This time around, Beijing is a front-runner, ahead of competitors Paris, Toronto, Osaka and Istanbul. For one thing, Beijing started this effort with the help of top marketing firms, something it only resorted to late in the game on its earlier bid.
A peek at the Beijing Olympic promotional Web site (http://www.beijing-olympic.org.cn/eindex.shtm) is an indication of just how far the Beijing Olympic Bid Committee has come, in part because of the promotional help. Images of Chinese athletes, cultural sites and daily life flash past, with a tidy index of information on event sites, its vision, related news and features. The site features streaming video, produced by filmmaker Zhang Yimou, a Chinese director of “Raise the Red Lantern” and “Farewell to my Concubine” — movies long admired in Hollywood but generally viewed with suspicion by China’s aging leadership. All things considered, the effort is impressive, and without spelling errors, at least for the most part.
In a demonstration of its Olympic spirit, China made a great show of cleaning up its reputation for doping in international athletic competition. In the 2000 games, it withdrew the famous “Ma Family Army” — a group of women runners who had astonished the world in earlier meets. This time, the special training regime they were supposed to be on was revealed as a mere steroid boost.
It’s a sacrifice for a larger cause. While in the past in China, the gold medal count has been paramount, and a national obsession during the Olympics, China wants these games badly, and staked its national pride on them.
The time intervening has made a huge difference in the city’s capabilities. Since 1993, when Beijing was just coming out of a post-Tiananmen crackdown, reforms have resumed and the country has seen a whopping 8-percent annual growth. Beijing now boasts of 450 four-star hotels. Even if some stretch the definition of “four-star,” there’s no denying the construction of up-market hotels in Beijing has been astonishing. And for what it’s worth, since the opening of Beijing’s first McDonalds in 1992, the city has seen an influx of countless other franchise restaurants and stores, including 55 more McDonald’s.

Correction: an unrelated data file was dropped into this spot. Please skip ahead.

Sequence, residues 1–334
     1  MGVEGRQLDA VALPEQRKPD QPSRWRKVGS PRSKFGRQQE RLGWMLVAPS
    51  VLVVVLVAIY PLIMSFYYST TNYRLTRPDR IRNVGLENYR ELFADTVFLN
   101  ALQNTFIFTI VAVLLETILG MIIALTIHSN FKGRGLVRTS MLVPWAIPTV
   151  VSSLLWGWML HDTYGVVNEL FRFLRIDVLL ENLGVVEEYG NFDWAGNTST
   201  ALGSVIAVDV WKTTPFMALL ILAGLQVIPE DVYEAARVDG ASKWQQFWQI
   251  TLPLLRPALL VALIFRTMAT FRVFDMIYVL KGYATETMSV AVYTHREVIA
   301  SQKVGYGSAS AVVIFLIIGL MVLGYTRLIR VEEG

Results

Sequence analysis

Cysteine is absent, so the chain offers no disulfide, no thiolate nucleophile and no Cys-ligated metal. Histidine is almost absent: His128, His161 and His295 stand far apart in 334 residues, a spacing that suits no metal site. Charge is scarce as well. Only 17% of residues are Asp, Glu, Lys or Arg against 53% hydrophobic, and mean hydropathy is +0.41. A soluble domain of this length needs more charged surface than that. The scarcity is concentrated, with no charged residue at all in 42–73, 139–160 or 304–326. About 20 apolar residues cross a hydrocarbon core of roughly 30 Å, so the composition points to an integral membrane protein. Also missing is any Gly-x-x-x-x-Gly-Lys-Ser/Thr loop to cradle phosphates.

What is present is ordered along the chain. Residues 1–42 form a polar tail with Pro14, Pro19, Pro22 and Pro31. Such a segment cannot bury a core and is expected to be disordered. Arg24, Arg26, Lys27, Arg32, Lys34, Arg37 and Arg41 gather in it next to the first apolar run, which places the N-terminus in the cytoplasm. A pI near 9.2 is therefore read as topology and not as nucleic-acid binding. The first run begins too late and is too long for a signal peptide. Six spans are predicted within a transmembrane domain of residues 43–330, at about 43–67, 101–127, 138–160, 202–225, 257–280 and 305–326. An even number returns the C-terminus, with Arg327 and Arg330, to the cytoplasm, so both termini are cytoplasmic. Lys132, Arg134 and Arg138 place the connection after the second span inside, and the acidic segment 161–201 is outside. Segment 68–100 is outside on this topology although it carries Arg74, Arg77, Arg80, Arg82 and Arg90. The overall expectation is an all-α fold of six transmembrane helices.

While China as a whole is still a poor, developing country, what visitors would see in Beijing would be a rapidly emerging international capital buzzing with cell phones of thousands of new entrepreneurs. Many of these same business people also travel freely throughout the region and the world, a dramatic shift from the early 1990s.
Pollution from cars continues to grow, but smog generated by factories is on the decline because Beijing, along with other Chinese cities, has gradually moved industry away from population centers.
And there is no doubt China would roll out the red carpet. The government plans $20 billion in new construction — nearly triple what it was promising eight years ago — to get all the necessary facilities in order. The effort would include highways, subway lines and new facilities — a building spree that would rival that of the Great Wall.
Where past and present merge
One thing that hasn’t changed much since 1993 is the poor human rights record that complicates Beijing’s efforts. Even as the IOC inspection team arrived in Beijing, China sentenced 28-year-old political activist Shan Chengfeng to two years in a labor camp for “disturbing social order.” Her crime — signing a petition urging the IOC to press China to release political prisoners.
Some of the prominent prisoners are long-time dissidents like writer Xu Wenli, released when China was making its last Olympic bid, but since re-arrested on new political charges and sentenced to long terms. And it is unclear how many lesser-known people — possible hundreds — are languishing in prison as a result of China’s recent crackdown on the Falun Gong spiritual movement. This will continue to be awkward for China’s leaders.
But as it pours its experience, money and new-found marketing savvy into the bid for 2008, Beijing will be much harder to resist than in the past, when clumsiness alone was enough to nix its prospects.
Reuters contributed to this story.